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Selection of Rainfall Stations

A total of five different rainfall stations including Sydney (Observatory Hill), Seven Hills, Richmond-UWS Hawkesbury, Lucas Heights (ANSTO) and Badgerys Creek AWS have been featured based on the future scenarios. The objective is to provide the most effective and reliable water saving technique and tank system so that the optimum quantity of water can be saved and it can be used at the time of need.

The other aspects including the demand for water and roof area combination have also been taken into consideration while selecting the appropriate and feasible tank system (Amos & Rahman, 2016). The selection of the final tank model has taken into account all these estimations so that the most appropriate model that is reliable and suits the external environment can be introduced in order to save the rainwater. The data files that have been referred would basically help to identify the best combination of the tank system with respect to tank size, reliability and overall water saving capacity (Amos, Rahman & Gathenya, 2017).

All the locations of the rainfall station have been selected based on the projected amount of precipitation that is expected in the regions. Since the amount of rainfall that is expected to be received in the place would be one of the most influencing factors of the tank selection process, the same element has been taken into account while carrying out the study.

The Sydney (Observatory Hill) rainfall station is one of the areas of the research study. As per the available data, for the period 2012, the area experiences an average of 101 mm of rainfall. This figure indicates that the requirements of the tank must be based on the rainwater that can be actually conserved in order to be used in the future. The reliability, water saving capacity and tank size has been taken into consideration so that the most suitable tank model can be selected for the water storage purpose (Aye, et al., 2014).

As per the estimation for the period 2020-39, the area would experience a total of 753.05 mm rainfall during the period and it would have an average of 62.75 mm of rainfall. As per the estimation for the period 2040-79, the area would experience rainfall of 767.52 mm during the year with an average of 63.96 mm of rainfall (Campisano, et al., 2017).

Seven Hills rainfall station is the second area of the research study. The data that has been captured shows the rainfall details for the year 1973. As per the available data, for the period 1973, the area experiences an average of 75.99 mm of rainfall. As per the estimation for the period 2020-39, the area would experience a total of 726.05 mm rainfall during the period and it would have an average of 60.05 mm of rainfall. Similarly, for the period 2040-79, it has been estimated that the area would experience rainfall of 768.19 mm during the year with an average of 64 mm of rainfall (Castonguay, et al., 2016).

Projected Rainfall Data

The Richmond is the third area of the research study. In 1933, the area experiences an average of 66.68 mm of rainfall. As per the estimation for the period 2020-39 the area would experience a total of 1186.35 mm rainfall during the period and it would have an average of 98.86 mm of rainfall. Similarly, for the period 2040-79, it has been estimated that the area would experience rainfall of 768.19 mm during the year with an average of 64 mm of rainfall.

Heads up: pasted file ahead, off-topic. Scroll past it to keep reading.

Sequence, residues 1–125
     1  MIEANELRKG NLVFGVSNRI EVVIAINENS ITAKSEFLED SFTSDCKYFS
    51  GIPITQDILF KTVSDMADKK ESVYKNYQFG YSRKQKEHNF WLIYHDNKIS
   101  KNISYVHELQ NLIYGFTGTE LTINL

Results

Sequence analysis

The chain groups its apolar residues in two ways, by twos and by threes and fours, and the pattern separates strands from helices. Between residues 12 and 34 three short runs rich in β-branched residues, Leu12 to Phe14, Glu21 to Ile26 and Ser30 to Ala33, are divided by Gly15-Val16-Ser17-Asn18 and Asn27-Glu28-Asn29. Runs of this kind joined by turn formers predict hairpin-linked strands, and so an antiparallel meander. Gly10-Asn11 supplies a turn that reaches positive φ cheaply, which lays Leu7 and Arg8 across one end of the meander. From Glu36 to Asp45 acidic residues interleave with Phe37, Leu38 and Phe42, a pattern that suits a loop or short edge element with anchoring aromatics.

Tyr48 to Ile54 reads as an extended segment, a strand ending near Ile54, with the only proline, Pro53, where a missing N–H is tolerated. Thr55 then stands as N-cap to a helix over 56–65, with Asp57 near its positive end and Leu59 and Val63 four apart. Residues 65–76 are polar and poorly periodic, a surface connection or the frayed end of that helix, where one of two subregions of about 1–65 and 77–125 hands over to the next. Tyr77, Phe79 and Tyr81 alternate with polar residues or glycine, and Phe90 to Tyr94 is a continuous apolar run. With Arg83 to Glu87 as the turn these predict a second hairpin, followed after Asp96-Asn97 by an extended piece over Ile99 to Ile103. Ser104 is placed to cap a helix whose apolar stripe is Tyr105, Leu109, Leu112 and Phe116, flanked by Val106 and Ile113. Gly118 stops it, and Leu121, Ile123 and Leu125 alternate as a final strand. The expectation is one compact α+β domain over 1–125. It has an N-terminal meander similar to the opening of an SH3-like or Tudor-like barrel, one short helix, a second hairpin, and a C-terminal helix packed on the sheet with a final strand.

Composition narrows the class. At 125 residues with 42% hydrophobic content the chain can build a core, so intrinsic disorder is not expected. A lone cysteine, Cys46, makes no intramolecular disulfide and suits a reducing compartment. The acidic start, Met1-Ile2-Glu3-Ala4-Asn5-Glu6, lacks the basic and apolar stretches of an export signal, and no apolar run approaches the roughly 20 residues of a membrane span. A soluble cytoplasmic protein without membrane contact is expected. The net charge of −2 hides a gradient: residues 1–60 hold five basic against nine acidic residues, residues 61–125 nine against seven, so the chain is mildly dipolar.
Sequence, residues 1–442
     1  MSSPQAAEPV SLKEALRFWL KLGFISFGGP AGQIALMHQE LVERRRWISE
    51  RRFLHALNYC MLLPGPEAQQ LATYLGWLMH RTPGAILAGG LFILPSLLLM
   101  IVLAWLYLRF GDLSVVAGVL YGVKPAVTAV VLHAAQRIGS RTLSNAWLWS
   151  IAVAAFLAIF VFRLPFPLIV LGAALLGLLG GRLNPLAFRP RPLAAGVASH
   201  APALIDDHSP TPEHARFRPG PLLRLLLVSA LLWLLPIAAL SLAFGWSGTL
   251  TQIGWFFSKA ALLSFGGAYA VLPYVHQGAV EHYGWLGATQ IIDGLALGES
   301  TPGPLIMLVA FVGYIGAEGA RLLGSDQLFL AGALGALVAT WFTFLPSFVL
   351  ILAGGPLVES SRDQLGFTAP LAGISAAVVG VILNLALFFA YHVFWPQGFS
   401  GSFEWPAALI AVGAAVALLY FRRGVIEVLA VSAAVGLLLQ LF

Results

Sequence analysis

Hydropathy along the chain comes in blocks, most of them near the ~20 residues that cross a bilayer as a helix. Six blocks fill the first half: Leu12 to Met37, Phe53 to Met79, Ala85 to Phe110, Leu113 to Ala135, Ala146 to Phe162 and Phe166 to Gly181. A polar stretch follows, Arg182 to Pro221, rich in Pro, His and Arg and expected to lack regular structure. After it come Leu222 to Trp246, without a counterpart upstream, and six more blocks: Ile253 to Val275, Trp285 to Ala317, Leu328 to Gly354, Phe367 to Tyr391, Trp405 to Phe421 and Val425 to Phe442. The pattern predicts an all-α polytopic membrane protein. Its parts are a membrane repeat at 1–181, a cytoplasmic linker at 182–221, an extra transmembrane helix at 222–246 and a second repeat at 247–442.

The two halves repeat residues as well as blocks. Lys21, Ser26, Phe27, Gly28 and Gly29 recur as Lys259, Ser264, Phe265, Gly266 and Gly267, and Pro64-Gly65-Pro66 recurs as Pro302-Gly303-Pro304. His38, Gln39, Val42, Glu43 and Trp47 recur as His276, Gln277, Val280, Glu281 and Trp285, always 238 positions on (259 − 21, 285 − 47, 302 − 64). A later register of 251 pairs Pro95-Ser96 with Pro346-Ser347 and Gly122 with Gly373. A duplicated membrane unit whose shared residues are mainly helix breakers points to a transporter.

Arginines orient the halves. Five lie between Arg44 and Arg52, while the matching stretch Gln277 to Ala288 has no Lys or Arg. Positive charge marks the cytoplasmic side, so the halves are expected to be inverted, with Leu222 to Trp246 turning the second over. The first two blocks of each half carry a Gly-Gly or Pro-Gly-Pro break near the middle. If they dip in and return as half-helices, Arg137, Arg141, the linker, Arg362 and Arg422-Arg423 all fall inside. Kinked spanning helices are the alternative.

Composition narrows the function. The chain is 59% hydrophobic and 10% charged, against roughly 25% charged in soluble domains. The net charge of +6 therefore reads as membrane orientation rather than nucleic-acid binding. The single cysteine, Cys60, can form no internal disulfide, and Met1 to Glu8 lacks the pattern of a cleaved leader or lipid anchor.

Lucas Heights is the fourth area of the research study. The data for the year 1986 indicate that it had experienced 85.65 mm of rainfall on an average in the year. As per the estimation for the period 2020-39, the area would experience a total of 753.05 mm rainfall during the period and it would have an average of 62.75 mm of rainfall. Similarly, for the period 2040-79, it has been estimated that the area would experience rainfall of 768.19 mm during the year with an average of 64 mm of rainfall (Christian Amos, Rahman & Mwangi Gathenya, 2016).

Badgerys Creek is the final area of the research study. The data of rainfall has been captured for the year 2003. It indicates that the average amount of rainfall that the area has experienced is 48.73 mm. According to the estimations, for the period 2020-39 the area would experience a total of 684.92 mm rainfall during the period and it would have an average of 57.07 mm of rainfall. For the period 2040-79, it has been estimated that the area would experience rainfall of 695.54 mm during the year with an average of 57.96 mm of rainfall (Coombes, 2015).

Primary Objective

The main objective of conducting the study is to identify the most suitable tank model based on the roof area, water storage capacity and tank size. The estimated amount of rainfall that is supposed to happen for the period 2020-39 and 2040-79 have been made so that the tank can be introduced to save maximum environmental water that can be used in the future

A total of 5 different areas or stations have been considered in the research study for the purpose of introduction of the tank system. The monthly rainfall data has been gathered from the Bureau of meteorology and the estimated future data for the periods 2020-39 and 2040-79 have been collected from World Bank so that the originality of the study can be maintained throughout the process. The CMIP3 model has been used to collect the futuristic data since the model basically shows a higher tendency towards the decline in the rainfall that occurs in the eastern and central Australia as compared to the CMIP5 model (Elgert, Austin & Picchione, 2016).

Tank Model Design based on Rainfall Estimation

The rainfall projections that have been included in the study form a vital segment of the entire process since it helps to understand the rainfall projection that can influence the effectiveness of the selected tank model. The table below represents the five stations that have been selected for the particular task. The latitude and longitude of the areas have been presented so that the amount of rainfall that has been predicted can be understood based on their geographic location.

Rainfall stations

Latitude

Longitude

Site Number

Direction

Sydney (Observatory Hill)

33.85° S

151.20° E

066062

Central

Seven Hills

33.77° S

150.94° E

067026

North-West